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regular-article-logo Tuesday, 16 July 2024

On Indian art’s enfant terrible

Over the course of his six-decade career, Souza experimented with a number of genres and styles, but his strong figurative practice, his line drawings, and the series of ‘black paintings’ produced in London during the mid-Nineties are instantly recognisable

Srimoyee Bagchi Published 21.06.24, 07:17 AM
Head in a landscape by F.N. Souza (1958)

Head in a landscape by F.N. Souza (1958) The Telegraph

Book: F.N. SOUZA : THE ARCHETYPAL ARTIST

Author: Janeita Singh

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Published by: Niyogi

Price: Rs 4500

F.N. Souza, the enfant terrible of modern Indian art, can be a divisive figure. The bold distortions of the human visage and frank exposures of the body, especially the female body, in his works can arouse strong reactions in viewers — from reverence and epiphany to revulsion and proscription. Over the course of his six-decade career, Souza experimented with a number of genres and styles, but his strong figurative practice, his line drawings, and the series of ‘black paintings’ produced in London during the mid-Nineties are instantly recognisable. What unites the various genres of his oeuvre, though, is a visceral, evocative sensuality that can be as violent as it is sexual.

It is this last aspect that is the predominant focus — at times, disproportionately so — of Janeita Singh’s book of 21 essays on Souza. Singh tries to establish Souza as a feminist artist whose explicit imagery of female sexuality made women “autonomous beings free to make their own choices regarding their identity and... privilege sexual... knowhow over sexual ignorance and exploitation...” Contrary to societies where people are obligated to one another, Souza conjures up a post-anarchist world where individuals are obligated only to themselves.

Singh’s erudition and research, both with respect to Souza and art history, are wide and deep. She seamlessly brings together fascina­ting threads of philosophical, religious and artistic practices in her essays to flesh out her argument and trace the unique amalgamation of inspirations that make Souza’s art stand out. Some of the diverse influences that shaped his art include South Indian bronzes, the temple sculptures of Khajuraho, as well as European modernism, especially Picasso’s art and personality. Yet, for Souza, art was “not beautiful. It [was] as ugly as a reptile.” He disturbed conventional norms of propriety and troubled social comfort by discarding the cultural canon of perfection — at Khajuraho, for instance — that tempers the shock value of the erotic expressed through art. What could have been instructive here is a parallel exploration of Souza’s well-documented homophobia, something that goes against the idea of people being “autonomous beings free to make their own choices”, in spite of working with sexually-fluid creative colleagues like Francis Bacon.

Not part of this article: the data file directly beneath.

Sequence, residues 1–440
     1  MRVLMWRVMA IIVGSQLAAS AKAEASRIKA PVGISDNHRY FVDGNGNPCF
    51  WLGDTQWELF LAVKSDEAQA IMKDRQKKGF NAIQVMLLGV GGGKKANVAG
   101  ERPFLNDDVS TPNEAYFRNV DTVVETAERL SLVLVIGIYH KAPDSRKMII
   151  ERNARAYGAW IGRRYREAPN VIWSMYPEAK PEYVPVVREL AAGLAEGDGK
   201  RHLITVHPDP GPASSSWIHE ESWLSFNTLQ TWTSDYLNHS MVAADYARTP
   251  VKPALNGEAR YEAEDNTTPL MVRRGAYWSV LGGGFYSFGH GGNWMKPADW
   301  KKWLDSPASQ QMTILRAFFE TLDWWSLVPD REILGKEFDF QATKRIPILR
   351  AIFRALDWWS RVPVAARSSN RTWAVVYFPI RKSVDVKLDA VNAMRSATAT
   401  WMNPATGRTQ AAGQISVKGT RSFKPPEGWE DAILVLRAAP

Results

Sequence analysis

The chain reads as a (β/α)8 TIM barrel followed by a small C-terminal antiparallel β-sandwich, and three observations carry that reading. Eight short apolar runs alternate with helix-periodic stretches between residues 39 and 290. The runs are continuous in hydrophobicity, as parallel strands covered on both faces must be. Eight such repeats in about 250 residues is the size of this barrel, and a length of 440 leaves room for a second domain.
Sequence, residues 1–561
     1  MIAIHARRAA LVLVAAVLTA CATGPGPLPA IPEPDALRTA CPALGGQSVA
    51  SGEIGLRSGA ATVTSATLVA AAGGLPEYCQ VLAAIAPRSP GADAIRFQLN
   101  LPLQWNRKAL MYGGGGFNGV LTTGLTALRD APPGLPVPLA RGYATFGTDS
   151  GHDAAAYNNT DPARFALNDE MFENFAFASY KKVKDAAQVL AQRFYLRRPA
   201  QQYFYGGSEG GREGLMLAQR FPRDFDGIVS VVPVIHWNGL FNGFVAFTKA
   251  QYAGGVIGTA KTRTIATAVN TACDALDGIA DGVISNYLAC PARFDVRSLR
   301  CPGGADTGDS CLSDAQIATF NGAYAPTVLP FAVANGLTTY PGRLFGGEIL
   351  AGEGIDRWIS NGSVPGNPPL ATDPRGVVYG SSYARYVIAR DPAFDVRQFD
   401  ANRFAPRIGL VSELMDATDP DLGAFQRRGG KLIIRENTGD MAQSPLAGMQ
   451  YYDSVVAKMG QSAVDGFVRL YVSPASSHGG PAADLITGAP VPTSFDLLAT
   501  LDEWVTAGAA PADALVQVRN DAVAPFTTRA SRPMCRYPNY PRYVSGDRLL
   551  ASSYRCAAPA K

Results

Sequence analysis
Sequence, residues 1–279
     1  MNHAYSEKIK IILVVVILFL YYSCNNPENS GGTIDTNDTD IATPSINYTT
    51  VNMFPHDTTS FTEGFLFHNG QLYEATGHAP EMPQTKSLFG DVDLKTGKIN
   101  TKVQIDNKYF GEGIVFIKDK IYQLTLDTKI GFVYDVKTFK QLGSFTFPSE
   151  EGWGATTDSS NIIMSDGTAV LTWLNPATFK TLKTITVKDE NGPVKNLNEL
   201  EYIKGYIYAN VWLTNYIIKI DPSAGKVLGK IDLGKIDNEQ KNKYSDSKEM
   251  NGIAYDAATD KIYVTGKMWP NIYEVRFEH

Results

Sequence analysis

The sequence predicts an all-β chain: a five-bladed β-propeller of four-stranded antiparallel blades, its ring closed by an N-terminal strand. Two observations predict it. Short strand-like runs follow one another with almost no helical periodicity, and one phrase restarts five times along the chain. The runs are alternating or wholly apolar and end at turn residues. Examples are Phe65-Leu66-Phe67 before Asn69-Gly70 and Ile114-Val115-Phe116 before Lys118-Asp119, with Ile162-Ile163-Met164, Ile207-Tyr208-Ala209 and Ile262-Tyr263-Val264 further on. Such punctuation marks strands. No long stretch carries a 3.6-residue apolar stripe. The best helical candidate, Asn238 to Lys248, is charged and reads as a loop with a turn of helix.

The most interesting essays are the ones that explore Souza’s world through a Jungian lens and include discussions on yogic philosophies like sankhya and tantra and the relatively-obscure philosophy of Red­mondism, which had a profound impact on Souza. According to Redmondism, nature was constituted by universal elements and forces whose combinations manifested in all things and their activities. This psycho­-philosophical perspec­tive throws new light on the uneasy world of Souza’s art.

But Singh is so enamoured with her subject that she misses the bleak figure that Souza cut in the last years of his life: a man disoriented by his lack of commercial success, largely estranged from the art establishment by his own caustic tongue and effrontery. Souza, Singh writes, is a “misunderstood artist” who was “perceived as an extremely rude person, given to tempers erupting from a spirit too full of himself” owing to his “differentiated and seminal thinking”. This may be an oversimplification. Artistic genius is seldom uncomplicated and bitter realities cannot be overlooked, especially when Singh claims that her essays “are a critical study of Souza’s life and art [reviewer’s italics]”. Such is her immersion in Souza that she even writes a chapter “in Souza’s voice” — it is difficult to tell whether she lends her voice to Souza or appropriates his — where her captivation with the artist makes ‘his’ recollection of his growing up years seem somewhat self-important.

Her proximity to her subject, her veneration of Souza and the resultant narrative tone detracts from the important scholarly strands that the book brings together.

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